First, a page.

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Knowing how to advocate for yourself is a critical skill to learn in order to have a successful college career. Self-advocacy means to represent your own beliefs and needs. As a college student, there will be many times where you will need to represent your own beliefs and needs: struggling with a class, conflict with another person, etc.). Therefore, before asking for help in every one of these situations right away, try to self-advocate first.
- What is the problem/issue?
- Brainstorm possible solutions to the problem/issue.
- What resources are available on campus?
- Ask a trusted friend on campus if they have dealt with something similar and what they did to solve the problem.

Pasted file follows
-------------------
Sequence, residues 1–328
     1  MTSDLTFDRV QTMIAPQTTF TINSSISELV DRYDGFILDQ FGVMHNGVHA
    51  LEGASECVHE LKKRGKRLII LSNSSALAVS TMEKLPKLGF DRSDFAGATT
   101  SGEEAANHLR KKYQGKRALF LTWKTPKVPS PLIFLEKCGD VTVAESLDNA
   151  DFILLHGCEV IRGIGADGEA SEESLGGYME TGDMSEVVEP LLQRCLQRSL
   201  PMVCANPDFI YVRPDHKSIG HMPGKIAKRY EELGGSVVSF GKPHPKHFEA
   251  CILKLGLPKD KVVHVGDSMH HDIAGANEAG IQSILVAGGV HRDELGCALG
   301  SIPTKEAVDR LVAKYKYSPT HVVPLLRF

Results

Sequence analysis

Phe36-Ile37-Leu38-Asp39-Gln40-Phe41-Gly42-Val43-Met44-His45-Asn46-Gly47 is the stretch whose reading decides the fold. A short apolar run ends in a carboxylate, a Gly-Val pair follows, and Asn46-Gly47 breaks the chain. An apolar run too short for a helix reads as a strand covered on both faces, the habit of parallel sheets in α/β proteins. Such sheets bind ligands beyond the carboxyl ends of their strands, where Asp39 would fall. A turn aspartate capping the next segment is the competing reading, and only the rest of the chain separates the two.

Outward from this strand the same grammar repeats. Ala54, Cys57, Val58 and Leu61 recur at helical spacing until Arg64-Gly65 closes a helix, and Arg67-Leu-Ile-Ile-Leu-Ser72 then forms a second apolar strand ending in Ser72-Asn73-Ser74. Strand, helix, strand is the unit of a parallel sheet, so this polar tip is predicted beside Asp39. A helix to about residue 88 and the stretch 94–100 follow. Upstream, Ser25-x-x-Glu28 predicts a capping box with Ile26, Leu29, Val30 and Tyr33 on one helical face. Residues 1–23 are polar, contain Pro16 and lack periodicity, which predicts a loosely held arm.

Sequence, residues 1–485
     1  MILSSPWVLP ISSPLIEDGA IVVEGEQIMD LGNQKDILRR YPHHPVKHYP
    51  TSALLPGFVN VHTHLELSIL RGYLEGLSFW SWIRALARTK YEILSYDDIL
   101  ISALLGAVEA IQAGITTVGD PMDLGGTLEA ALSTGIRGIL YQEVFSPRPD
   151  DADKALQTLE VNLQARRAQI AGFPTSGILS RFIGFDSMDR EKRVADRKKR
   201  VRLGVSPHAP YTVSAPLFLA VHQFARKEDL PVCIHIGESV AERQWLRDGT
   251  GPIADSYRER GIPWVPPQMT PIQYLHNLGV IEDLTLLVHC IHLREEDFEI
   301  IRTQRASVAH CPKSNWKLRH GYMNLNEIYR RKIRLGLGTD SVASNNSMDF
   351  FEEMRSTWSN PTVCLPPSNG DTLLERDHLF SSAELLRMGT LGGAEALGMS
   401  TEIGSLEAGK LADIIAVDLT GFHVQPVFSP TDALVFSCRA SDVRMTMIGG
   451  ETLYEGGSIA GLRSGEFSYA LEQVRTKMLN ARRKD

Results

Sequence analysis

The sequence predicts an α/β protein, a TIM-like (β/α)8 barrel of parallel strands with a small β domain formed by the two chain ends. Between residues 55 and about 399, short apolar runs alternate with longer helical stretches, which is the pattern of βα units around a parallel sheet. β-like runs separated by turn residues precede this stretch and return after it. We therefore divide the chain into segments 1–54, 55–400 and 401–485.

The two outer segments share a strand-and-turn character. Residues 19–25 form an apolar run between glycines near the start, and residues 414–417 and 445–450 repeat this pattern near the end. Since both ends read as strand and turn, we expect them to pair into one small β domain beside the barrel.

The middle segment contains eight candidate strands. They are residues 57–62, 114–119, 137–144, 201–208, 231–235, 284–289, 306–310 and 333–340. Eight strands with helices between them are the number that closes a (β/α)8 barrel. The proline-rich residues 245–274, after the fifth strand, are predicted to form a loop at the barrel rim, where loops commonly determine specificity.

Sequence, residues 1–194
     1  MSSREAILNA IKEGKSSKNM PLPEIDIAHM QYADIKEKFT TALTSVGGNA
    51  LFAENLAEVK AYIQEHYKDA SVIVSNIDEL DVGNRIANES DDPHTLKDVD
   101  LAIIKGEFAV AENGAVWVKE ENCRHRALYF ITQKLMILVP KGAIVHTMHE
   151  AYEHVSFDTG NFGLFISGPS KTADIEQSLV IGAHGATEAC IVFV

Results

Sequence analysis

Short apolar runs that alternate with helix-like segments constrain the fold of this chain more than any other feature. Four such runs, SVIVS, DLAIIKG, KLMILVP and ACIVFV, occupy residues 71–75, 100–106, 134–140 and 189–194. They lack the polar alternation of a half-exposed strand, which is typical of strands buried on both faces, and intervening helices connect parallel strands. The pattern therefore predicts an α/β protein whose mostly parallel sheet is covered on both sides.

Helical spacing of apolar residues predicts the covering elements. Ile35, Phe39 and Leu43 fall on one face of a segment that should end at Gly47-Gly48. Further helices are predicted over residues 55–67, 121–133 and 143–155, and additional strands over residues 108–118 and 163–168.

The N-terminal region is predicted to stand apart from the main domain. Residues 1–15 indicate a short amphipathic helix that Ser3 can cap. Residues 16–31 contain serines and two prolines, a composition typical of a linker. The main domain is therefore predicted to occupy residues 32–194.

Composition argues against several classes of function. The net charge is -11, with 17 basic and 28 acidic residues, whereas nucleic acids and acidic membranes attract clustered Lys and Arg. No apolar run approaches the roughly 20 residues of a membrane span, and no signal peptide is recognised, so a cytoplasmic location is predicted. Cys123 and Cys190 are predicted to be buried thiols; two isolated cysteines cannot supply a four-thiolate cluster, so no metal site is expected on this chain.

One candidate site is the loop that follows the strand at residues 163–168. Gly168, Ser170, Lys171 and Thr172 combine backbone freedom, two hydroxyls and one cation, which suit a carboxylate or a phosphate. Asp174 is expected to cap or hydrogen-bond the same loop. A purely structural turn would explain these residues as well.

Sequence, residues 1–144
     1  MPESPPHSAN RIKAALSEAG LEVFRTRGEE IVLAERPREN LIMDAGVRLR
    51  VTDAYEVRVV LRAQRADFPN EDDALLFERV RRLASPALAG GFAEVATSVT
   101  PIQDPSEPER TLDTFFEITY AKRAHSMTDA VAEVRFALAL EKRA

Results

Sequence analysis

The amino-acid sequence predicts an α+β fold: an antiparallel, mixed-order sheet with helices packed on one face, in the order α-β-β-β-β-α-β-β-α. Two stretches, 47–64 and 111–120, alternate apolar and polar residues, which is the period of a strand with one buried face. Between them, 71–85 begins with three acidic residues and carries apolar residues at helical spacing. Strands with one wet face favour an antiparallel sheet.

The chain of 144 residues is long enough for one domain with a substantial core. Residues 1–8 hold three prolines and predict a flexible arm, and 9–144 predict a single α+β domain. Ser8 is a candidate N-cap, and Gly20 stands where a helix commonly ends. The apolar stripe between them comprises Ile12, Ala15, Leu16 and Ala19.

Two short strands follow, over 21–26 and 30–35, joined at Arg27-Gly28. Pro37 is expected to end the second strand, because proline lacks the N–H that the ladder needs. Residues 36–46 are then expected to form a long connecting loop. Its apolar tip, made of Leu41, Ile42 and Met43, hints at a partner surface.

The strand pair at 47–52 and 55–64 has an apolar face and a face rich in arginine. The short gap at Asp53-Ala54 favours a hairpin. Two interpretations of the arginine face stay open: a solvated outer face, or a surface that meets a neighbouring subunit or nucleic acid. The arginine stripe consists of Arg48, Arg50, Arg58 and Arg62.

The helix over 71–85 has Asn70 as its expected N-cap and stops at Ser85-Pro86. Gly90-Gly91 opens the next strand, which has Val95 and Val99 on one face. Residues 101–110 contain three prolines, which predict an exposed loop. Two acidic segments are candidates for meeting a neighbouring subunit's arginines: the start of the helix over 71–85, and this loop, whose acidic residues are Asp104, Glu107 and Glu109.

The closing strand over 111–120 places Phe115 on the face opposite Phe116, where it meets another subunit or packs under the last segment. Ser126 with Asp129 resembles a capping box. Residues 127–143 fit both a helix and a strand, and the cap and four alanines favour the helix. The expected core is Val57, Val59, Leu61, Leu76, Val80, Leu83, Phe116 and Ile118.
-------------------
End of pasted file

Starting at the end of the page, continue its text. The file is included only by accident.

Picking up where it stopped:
- Is the answer already available? The Wright State website is a great place to start!
- See below for a list of commonly asked questions and their answers.
- Determine the possible consequences (positive and negative) to each of the solutions you determined in the previous step.
- Try the solution that you believe is best.
- If your solution didn't work, try again.
- It's okay to ask for help, but trying to solve the problem on your own is a great start!
Is there a place I can go to get food (I do not always know where my next meal will come from)?
I am about to be evicted from my house/apartment because I cannot pay the mortgage/rent. What should I do?
Speak with the Student Legal Services department.
I am about to be homeless due to a safety issue or conflict. What should I do?
Speak with someone in the Student Advocacy and Wellness Office.
I am having feelings that concern me (depression, anxiety, hopelessness, etc.). Where can I go for help?
The Counseling and Wellness Office is an excellent resource available to Wright State students.
I think I might be experiencing Stalking/harassment/sexual assault/rape/domestic violence, or an overall unhealthy relationship. Who can I talk to?
The Survivor Advocate is a confidential resource.